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APIs and the “Technology Mix”

Today I would like to recall a really nice conference I saw last January: “Infrastructure in the Cloud Era”. This presentation was performed at O'Reilly Velocity Conference 2009 by Adam Jacob (Co-Founder at OpsCode) and Ezra Zygmuntowicz (Co-Founder at EngineYard).

They cover the theory of how you should be thinking about building a Fully Automated Infrastructure classifying their analysis in the following areas:

  • Bootstrapping: Corporate Approvals, Agile Approvals, Cloud.
  • Configuration: Manual, Ad-Hoc, Infrastructure as Code.
  • Command and Control: Manual, Ad-Hoc, Framework.

They conclude, in the context of a Cloud Infrastructures, that the appropriate way to answer the issues an challenges on each of these categories is: Cloud (IaaS), Infrastructure as Code and a Framework for Command and Control.

There exist a clear positioning around Open Source on the hole talk. In fact, they mainly propose Open Source Tools for an Open Source Environment:

“You need an API” is the underlying message. You need an API to cover these three layers and manage your Infrastructure as a hole.

They mention more tools that you can find on the OSS ecosystem like Fabric and Func. I can't remember if they were pointed out, but, depending on your particular scenario, you could also consider a few more: Cobbler, Augeas, Eucalyptus, Nebula, oVirt/libvirt, etc.

Nevertheless, I missed a wider market perspective: beyond the Open Source solutions there is much more. In my opinion, openness is important, may be key in some situations. But, I consider the Technology Mix a more relevant factor. A Mix that delivers economic value: Productivity, Sustainability, Dependability, Security and Global Life Cycle alignment. May be the Technology Mix that matches these Strategic Goals is a combination of Commercial and Open Source Software.

I do agree with the main messages: IaaS, Infrastructure as Code, a Framework for command and Control and  an API to glue it all. But, the fact is that standards make solutions sustainable. Unfortunately, each of these tools (and many others) have different degrees of Maturity, and Life Cycle Uncertainty. This is also true for some Commercial alternatives as for certain current Cloud propositions.

To make things even “better”, Technology is not the only player in this game: the Human Factor and Complexity Levels are key. Complexity determines the expertise required; how much does it cost you to cope with Asynchronous-and-Diverse Waves of Changes over time and how easy is to bring together Technology and People to the next step, whenever is needed. Here, again, is where I return to my previous thinking:  the Big Game is about a Technology Mix that matches these Strategic Goals and not about solutions because they are “Open” or “Fun”.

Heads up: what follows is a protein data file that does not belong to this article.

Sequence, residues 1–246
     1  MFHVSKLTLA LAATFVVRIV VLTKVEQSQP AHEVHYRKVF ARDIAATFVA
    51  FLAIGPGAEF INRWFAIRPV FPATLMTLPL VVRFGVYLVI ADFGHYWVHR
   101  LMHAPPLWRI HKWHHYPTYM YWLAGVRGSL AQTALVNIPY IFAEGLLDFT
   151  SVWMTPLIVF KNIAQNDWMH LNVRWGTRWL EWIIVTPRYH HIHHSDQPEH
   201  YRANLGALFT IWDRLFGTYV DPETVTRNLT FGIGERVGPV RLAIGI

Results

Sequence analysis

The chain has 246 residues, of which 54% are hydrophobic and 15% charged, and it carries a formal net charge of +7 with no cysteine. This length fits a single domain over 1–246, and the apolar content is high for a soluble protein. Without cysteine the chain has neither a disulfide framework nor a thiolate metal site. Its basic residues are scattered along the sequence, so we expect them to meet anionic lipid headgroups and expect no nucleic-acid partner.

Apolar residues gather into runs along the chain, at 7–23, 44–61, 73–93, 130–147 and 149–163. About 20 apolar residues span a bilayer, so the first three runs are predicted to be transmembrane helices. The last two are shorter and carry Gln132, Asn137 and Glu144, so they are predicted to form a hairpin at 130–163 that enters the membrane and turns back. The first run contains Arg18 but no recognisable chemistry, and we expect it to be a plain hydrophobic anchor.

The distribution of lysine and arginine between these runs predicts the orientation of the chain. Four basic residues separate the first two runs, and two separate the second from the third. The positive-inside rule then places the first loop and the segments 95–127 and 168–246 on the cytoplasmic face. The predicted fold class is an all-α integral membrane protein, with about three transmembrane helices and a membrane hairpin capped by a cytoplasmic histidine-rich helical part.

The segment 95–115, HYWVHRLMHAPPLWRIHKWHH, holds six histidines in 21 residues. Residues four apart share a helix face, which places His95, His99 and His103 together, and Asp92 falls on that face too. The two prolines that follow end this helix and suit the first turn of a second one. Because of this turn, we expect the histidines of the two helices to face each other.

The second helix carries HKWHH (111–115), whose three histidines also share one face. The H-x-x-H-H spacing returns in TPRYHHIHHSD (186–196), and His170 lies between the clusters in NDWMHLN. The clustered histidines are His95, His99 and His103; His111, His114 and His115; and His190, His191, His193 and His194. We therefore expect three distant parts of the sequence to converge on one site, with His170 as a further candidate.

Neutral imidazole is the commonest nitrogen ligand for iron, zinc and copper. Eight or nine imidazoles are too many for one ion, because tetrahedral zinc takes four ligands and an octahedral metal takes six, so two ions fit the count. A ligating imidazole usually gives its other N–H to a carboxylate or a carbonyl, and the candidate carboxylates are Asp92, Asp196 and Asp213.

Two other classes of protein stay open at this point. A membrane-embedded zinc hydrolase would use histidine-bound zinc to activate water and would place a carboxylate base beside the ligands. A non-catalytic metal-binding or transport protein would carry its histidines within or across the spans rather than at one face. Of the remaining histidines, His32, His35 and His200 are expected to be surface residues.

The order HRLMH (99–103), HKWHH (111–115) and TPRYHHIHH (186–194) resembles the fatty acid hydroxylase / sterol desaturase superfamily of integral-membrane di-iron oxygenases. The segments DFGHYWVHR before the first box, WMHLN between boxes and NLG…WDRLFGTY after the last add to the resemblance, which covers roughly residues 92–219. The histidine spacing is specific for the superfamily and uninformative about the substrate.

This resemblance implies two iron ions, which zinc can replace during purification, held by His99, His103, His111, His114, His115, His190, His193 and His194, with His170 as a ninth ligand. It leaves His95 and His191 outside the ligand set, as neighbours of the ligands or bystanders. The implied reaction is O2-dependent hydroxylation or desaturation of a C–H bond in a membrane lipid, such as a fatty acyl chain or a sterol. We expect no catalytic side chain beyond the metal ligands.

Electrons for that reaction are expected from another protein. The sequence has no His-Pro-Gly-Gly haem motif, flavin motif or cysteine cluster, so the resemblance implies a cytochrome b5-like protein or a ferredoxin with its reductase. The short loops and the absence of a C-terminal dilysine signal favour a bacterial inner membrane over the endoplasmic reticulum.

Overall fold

Of course, how do we care about these concerns heavily depends on our role on the Cloud Market: Consumers, Integrators, Services Providers, etc. As Consumers and Integrators we need to be ready to switch from one Cloud Supplier to another as quickly as we joined to the first one. So, if we care about Managing our Risks, then we care about Architecture, Implementation and so forth. Welcome, again, to the “Technology Mix” way of thinking… ;-)

Anyway, this is a terrific debate and this is a great conference. I wish you enjoy it as much as I did. Have fun! :D

APIs and the “Technology Mix” by Carlos Veira Lorenzo is licensed under a Creative Commons Attribution-ShareAlike 4.0 International License.

Published in Architecture Automation IT Infrastructure System Management Technology

  • Very clear bro
    Anyway, some things doesn’t fit my brain at this times… I should go to bed
    Tomorrow I’ll see the video and make additional comments
    Goodnite

  • Carlos:

    Extremelly interesting post… lots of things to think. The idea of the Technology Mix is a powerful one. And Human Factors should be taken into account, as you say.

    I think we’re living interesting times, with changes that are making us to question established technologies (i.e., all the NoSQL debate). Many things could be ending being crap, but the ones that survive could shape Enterprise Architecture in the following years.

    As an OSS advocate, I think that the advantege of these solutions is one of agility. Commercial Enterprise Software are more risk-averse, and they tend to experiment a lot less.

    All in all, I think that we need to have a clear, evolving global view. That will be our main challenge in the next years.

    • Hi Tino :D

      It’s a pleasure to read you here!

      I am also an OSS advocate: one of those trying to give something back to the community. Being an “outsider” (sort of OSS + M$ advocate) is not an easy job :P.

      I do believe that “all this” belongs to a collective learning process. The whole ecosystem evolves with everyone’s interactions and learnings.

      Even the “Technology Mix” concept is not an static one: could mean different things in whatever combination of time, space and actors.

      I do agree with you: we are living key changes. Let’s see if we can perceive, adapt, anticipate, … How to deal with the “there is no spoon” and be ready for it. :D

      As Ken Robinson states: we need to be prepared to be wrong inside a culture that refuses failure… Definitely, no everything will be about Technology… :D